In addition to identifying performance improvements, consideration will also be given to identifying and providing training, mentoring and other developmental opportunities that will help the employee reach the level of performance specified. Exceptionally, a change in duties or location, within the same department, may also be agreed with the employee. The School recognises however, that this will not always be an appropriate or realistic way forward.

Every support will be given to the employee during the review period, however, in cases where it becomes apparent that the level of performance required cannot be achieved within the agreed timescales, it may be necessary to proceed to an appropriate stage of the formal procedure ahead of the end of the review period.  Evidence of the failure to meet the standards within at least one structured review in accordance with agreed management guidance will usually be expected before a referral into the formal Disciplinary Procedure takes place.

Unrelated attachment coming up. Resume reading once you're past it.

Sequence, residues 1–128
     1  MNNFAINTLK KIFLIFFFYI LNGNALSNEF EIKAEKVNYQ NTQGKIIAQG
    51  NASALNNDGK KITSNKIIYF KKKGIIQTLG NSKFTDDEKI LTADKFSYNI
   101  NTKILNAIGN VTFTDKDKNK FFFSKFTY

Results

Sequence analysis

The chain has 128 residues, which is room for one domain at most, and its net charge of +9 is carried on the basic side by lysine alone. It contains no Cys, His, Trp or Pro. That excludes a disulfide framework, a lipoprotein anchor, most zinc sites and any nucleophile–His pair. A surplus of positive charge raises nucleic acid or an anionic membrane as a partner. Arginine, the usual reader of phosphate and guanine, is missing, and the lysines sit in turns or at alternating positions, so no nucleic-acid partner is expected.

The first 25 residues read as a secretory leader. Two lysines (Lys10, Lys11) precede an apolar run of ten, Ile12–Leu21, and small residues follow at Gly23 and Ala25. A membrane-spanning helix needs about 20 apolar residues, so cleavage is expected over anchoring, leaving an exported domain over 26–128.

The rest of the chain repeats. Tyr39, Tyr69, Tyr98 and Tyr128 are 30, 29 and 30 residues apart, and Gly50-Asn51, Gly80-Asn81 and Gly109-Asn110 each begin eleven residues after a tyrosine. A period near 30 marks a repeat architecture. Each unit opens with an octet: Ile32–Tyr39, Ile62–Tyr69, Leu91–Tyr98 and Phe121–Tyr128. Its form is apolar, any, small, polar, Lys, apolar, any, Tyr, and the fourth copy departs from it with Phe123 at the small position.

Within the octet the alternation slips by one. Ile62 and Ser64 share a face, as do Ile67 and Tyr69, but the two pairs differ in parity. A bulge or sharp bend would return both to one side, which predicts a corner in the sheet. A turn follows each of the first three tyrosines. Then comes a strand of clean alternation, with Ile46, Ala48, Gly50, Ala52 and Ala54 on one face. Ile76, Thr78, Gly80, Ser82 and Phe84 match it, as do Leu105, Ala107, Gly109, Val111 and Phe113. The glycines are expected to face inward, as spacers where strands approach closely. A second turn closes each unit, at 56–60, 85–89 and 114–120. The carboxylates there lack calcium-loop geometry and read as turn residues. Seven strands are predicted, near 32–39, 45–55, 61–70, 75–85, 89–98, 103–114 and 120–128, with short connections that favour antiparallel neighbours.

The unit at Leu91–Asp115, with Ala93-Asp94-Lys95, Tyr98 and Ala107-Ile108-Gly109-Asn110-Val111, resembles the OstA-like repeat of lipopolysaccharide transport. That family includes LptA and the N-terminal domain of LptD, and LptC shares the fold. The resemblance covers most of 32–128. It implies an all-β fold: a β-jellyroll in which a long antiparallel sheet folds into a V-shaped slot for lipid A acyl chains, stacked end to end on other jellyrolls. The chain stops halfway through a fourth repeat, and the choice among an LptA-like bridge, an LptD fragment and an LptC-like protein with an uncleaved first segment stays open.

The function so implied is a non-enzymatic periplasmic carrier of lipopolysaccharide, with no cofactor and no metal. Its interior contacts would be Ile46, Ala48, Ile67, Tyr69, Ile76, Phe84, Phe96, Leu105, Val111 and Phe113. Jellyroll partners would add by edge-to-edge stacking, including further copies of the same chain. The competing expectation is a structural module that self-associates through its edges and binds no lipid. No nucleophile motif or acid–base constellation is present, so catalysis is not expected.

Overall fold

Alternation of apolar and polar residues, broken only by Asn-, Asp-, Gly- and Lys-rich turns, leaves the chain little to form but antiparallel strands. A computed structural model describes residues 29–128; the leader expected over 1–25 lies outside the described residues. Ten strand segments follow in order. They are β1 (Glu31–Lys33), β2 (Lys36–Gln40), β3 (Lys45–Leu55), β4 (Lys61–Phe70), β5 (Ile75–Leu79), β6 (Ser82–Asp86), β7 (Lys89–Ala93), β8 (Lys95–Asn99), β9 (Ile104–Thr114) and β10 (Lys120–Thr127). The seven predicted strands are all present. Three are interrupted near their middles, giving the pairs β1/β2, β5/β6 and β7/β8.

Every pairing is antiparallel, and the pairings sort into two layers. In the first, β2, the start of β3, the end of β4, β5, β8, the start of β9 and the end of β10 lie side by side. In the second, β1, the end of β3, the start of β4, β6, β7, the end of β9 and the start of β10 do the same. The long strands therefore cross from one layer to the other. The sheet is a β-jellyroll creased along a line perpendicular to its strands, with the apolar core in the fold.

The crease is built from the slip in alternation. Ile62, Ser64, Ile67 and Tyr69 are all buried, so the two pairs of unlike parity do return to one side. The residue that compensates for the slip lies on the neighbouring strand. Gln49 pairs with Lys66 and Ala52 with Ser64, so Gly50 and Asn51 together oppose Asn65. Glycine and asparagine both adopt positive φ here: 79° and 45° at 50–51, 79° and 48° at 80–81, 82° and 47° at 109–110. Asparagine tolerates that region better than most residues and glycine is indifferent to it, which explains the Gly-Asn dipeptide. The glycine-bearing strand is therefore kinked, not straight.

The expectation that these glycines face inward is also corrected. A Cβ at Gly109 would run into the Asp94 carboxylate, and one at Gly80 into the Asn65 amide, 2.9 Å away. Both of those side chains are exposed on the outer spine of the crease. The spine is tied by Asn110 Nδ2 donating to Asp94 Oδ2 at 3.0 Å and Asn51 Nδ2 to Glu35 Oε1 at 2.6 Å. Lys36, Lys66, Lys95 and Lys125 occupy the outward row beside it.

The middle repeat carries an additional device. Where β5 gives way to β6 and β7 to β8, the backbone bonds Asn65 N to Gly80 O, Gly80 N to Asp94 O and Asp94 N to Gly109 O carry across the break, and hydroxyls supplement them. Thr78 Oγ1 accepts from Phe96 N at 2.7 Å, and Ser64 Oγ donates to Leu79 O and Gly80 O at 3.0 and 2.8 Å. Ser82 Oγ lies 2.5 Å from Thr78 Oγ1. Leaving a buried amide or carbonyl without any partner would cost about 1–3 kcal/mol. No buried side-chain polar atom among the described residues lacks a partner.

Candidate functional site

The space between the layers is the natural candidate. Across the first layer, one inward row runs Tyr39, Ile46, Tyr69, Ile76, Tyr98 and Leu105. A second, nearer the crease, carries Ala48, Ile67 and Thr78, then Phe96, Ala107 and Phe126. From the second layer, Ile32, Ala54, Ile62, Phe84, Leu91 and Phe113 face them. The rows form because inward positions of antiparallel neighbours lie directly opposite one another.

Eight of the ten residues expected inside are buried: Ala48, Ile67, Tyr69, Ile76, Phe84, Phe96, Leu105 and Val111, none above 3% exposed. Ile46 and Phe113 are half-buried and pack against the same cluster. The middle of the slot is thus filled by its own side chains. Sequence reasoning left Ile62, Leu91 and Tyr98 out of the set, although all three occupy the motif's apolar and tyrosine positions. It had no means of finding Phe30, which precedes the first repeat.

Once the formal procedure has been initiated, further failure to meet performance improvements required will lead to further disciplinary action at the next level of the procedure (see Part 3).

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Suspension from Work


Suspension is not a disciplinary act, and does not imply that there has been any misconduct. It is a neutral act to allow, in the interest of all or any of the parties concerned, for an effective investigation to take place.

In accordance with the Standing Order relating to Academic Staff: Dismissal, Discipline and Grievance Procedures and Related Matters, Part III, 10, (ii) (c) , suspension will be on full pay until either a disciplinary hearing is convened, or the investigation discontinued. It will normally occur within one working day of the start of a disciplinary investigation, and be for as short a period as possible.

Suspension will usually only be considered in cases of very serious allegations, usually those consisting of potential gross misconduct.  There may be circumstances where suspension is required in order to separate parties or where there is a need to relieve the employee on a temporary basis of some, or all, of their duties, pending investigation.  In such circumstances, there is an additional requirement for the School to act as promptly as possible during the investigation.

When an employee is to be suspended, their Dean of Faculty (or nominee) will first consult Human Resources and the Director and Principal (or nominee). The Director and Principal or his/her nominee, will then meet the employee, who may be accompanied by a colleague or trade union representative, and explain the reasons for the suspension.

Any suspension will be confirmed in writing within three working days.